Fungal Mold. Credit: Audrey Dussutour/PNAS

New research published in Proceedings of the National Academy of Sciences offers more proof that it actually does not take a brain to remember.

This was proven in this study by a primitive but ingenious slime mold fungus. As this fungus uses slime to track and find their way in complex environments.

To put this organism navigation skills to the test, the researchers at Sydney University used a sugar solution as bait on the one side of a U-shaped maze with the fungus on the other. This is a test and an experiment that is usually used to test artificial intelligence in robots, although then excluding the sugar.

Do not let these simple organisms appearance fool you as the maze proved to be no match for this sugar craving fungus. The slime fungus uses a technique similar to the Hans and Greta’s trail of breadcrumbs. Since, by leaving a trail of slime behind, the fungus can remember what areas have already been explored and keep moving forward.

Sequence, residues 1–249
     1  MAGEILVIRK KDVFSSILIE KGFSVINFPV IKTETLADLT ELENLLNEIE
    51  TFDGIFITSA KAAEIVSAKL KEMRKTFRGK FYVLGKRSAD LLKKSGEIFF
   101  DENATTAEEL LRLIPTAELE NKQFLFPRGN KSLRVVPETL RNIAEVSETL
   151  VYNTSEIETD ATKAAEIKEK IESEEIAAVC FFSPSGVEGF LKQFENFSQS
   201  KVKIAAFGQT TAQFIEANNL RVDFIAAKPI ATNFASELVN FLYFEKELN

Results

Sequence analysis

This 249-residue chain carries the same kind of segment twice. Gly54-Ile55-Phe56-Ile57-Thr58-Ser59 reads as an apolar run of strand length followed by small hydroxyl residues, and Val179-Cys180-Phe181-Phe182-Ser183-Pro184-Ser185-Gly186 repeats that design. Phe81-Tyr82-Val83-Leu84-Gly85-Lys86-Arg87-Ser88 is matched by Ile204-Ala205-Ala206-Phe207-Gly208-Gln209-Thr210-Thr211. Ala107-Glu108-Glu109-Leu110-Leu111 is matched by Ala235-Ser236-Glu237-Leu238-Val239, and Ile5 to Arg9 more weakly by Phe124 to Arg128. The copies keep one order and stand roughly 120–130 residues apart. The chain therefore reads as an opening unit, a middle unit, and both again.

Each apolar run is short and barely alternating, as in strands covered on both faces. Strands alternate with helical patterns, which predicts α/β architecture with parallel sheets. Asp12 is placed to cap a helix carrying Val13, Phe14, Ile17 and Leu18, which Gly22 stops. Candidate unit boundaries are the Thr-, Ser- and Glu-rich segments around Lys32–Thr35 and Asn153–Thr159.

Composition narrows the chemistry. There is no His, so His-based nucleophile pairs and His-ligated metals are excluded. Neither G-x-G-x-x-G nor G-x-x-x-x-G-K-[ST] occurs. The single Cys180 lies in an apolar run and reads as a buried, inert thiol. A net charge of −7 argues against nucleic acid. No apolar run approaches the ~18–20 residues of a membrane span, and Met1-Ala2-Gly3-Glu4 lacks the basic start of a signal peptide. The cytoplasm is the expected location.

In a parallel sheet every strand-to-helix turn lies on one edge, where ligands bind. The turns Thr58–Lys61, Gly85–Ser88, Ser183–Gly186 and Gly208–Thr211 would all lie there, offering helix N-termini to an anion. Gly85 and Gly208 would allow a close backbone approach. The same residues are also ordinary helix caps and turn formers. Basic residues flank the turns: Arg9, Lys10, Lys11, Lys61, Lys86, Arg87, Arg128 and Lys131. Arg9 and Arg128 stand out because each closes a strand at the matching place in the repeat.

Of the tested slime fungi, a total of 96 percent managed to find their way to the sugar solution in the petri dish within 57 hours.

This may prove a very important step in evolution and possibly a first step for memory usage but outside the body. An important step in the evolutionary process and development of a brain.

Below a video that was produced as a collaboration between NOVA and Scientific American.

Slime mold uses an externalized spatial “memory” to navigate in complex environments